Jonah Matranga

Jennifer Geddes 11/06/2010

A guy with a guitar and a laptop who sings songs about broken hearts and punk ethics- nothing all that new. I could name a dozen - in fact it could become a new card game.

It's kind of hard to explain what sets Jonah Matranga apart from the other guitar slinging ex-hardcore songwriters; needless to say it's probably his personality. He's one of the only performers I know who can command complete silence in a venue simply by performing. Yet there is no sense of a barrier between the artist and the audience. It's the audience who drive the content of the show, requesting songs. At the Cardiff Barfly gig in June, Matranga joked about democracy working when the final song was chosen by a show of hands.

I tried to write a review of this gig but whatever I wrote didn't seem to quite convey why you should go see this guy play. So instead I'm letting Jonah do the talking - it's something he's quite good at.

Your lyrics sound quite personal, so I was wondering if they were autobiographical or if you just took an idea and ran with it?

I don't try too much - trying when it comes to art almost makes it not art; I'm pretty purist about it that way. Whether it's political or personal - y'know, to me those two words are actually kinda the same - it's about finding the little moments and the little turns of phrase that unlock the listener's imagination. I guess I believe in the personal being universal, so if I find the moment that for me was the moment that the epiphany occurred or whatever, if I can sort of write that out as close as possible to how it felt in my heart, that's the best bet of having it get through to everyone else. It's not necessarily that the same effect will occur to them, but it's almost like songs are facilitators for emotional experiences instead of conveyors of a literal emotion experience; they will create a space in which someone gets to feel things, some spell or something. It's really hard to talk about that, but I love it.

I played my friend your 'Barack Obama' song, as he got really into the US elections. I was wondering how you thought it was going now with Obama?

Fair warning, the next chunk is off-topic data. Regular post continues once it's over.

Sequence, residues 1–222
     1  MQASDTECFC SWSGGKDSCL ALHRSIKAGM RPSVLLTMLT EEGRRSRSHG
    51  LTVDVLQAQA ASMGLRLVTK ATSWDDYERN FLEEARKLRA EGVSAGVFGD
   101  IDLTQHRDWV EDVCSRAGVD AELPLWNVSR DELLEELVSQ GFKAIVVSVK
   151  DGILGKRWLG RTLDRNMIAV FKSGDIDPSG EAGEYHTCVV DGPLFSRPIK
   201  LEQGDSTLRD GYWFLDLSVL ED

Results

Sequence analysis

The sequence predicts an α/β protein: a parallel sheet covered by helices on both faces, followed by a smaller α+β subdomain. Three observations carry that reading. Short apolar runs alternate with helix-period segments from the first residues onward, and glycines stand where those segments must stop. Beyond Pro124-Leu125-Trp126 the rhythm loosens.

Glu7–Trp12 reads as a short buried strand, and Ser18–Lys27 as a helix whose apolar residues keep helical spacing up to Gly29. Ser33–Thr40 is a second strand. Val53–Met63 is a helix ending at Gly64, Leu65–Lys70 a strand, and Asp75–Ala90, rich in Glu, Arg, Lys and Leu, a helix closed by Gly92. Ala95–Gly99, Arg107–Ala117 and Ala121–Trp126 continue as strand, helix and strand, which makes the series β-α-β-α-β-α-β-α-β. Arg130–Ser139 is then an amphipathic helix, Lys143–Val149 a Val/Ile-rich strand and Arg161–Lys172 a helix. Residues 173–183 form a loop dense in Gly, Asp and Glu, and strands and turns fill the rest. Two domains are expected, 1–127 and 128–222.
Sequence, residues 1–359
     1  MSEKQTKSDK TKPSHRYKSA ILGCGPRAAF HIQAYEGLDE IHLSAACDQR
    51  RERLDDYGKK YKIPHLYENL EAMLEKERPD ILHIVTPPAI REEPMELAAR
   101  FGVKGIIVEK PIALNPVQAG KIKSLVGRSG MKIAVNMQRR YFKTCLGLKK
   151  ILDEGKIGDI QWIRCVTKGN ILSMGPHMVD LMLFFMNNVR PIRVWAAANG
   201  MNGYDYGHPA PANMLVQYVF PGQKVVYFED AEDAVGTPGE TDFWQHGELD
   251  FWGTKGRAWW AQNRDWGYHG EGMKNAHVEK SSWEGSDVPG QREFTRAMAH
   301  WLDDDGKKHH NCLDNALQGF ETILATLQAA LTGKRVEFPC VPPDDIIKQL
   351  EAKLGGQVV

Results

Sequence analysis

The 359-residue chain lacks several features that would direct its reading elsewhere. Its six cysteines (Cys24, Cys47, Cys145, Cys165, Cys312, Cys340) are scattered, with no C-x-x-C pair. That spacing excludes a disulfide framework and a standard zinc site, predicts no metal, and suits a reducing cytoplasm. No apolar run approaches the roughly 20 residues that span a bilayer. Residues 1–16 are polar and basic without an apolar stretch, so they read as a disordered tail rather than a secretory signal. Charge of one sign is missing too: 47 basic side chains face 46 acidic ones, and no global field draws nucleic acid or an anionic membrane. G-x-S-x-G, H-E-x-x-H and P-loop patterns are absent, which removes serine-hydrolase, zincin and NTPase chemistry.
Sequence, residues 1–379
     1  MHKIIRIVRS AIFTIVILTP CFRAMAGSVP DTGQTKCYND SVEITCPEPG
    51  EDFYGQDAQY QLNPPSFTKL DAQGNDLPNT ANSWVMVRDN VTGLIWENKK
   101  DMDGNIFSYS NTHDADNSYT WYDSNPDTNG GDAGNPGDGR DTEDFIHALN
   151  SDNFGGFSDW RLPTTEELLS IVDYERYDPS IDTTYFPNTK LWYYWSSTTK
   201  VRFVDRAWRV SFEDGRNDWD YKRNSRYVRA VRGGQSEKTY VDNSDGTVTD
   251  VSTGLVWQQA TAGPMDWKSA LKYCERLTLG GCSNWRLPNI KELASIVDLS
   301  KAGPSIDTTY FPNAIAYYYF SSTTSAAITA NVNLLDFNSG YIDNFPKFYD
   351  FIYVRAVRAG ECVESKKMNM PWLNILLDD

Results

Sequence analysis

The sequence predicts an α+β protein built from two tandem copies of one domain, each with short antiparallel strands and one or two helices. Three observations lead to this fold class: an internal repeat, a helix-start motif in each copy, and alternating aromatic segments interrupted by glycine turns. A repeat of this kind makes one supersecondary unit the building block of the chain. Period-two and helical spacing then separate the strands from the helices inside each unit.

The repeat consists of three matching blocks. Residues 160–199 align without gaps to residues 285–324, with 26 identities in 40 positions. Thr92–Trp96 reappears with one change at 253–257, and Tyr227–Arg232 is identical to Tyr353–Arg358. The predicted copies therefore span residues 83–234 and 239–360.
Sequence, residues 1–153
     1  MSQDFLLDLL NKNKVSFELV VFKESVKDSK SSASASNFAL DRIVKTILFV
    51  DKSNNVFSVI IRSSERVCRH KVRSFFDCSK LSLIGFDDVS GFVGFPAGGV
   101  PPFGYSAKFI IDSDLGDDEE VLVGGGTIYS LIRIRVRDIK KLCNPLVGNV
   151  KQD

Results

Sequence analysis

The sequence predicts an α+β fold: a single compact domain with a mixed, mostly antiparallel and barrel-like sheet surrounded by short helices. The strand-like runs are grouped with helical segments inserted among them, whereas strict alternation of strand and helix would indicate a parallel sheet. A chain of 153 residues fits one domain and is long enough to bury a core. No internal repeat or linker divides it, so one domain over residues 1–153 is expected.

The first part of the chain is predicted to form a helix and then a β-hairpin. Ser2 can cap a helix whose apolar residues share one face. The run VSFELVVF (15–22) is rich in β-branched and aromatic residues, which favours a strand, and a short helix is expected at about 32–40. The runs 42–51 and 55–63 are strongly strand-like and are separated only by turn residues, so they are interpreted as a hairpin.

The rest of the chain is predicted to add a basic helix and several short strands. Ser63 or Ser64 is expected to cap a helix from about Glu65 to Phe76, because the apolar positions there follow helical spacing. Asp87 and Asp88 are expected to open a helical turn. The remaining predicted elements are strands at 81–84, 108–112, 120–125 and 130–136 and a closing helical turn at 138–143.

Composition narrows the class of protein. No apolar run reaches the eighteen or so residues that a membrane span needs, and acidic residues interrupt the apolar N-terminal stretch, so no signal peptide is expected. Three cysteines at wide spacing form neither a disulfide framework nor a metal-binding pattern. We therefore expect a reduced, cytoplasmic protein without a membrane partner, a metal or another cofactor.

People don't seem to be satisfied unless something's exactly as they would have it be, and I think that's selfish and strange. There's a lot I would change if I could wave my magic wand but, as far as I can tell, Obama's doing a good job of representing the viewpoints of all the country, which I think is the job of an elected leader. He seems to be working with the government as well as he can, so I think it's great. It's been interesting for me to see the really, really vicious hatred that's come up on the right, but also almost equally on the left they're so sort of disappointed that the skies didn't part and angels didn't come down singing.

You offer personalised recordings of your songs on your website. What made you do that?

To hear where the songs are in people's lives is pretty special, and so the whole thing about unique recordings is that it kind of allows for this conversation to happen, and then it allows me to make a recording of the song with that conversation in mind. It's the song plus the situation, kind of filtered back through the song and the person so it's a really great dialogue. That's probably my favourite idea as far as music delivery, and I've made hundreds of them at this point, for weddings and for children and for parents and for friends. I've done the weirdest songs and I've done my songs in the weirdest ways and it's just been so fun.

I remember seeing you in Newport in Le pub last year, and you mentioned how you like anagrams. I was wondering what it is about that them you like?

As with most stories, it involves a girl. There's a woman that I went out with for a while, and I've always loved words myself but she was particularly into anagrams and really good at them. I was in Onelinedrawing at the time and it was fun to play around with what anagrams of that could be; it was just a very interesting experiment. Now with the internet, like most things, it's pretty easy, you can just enter a word in and an anagram generator will give you about eight million options, which I don't mind - I don't think there's any particular honour to figuring it out in your head or anything.

Do you like general wordplay?

I do. I'm terrible about puns and entendres.


I'm a big Scrabble player and I love it. Yeah, I love words.

So, Jonah Matranga - go on and give him a go.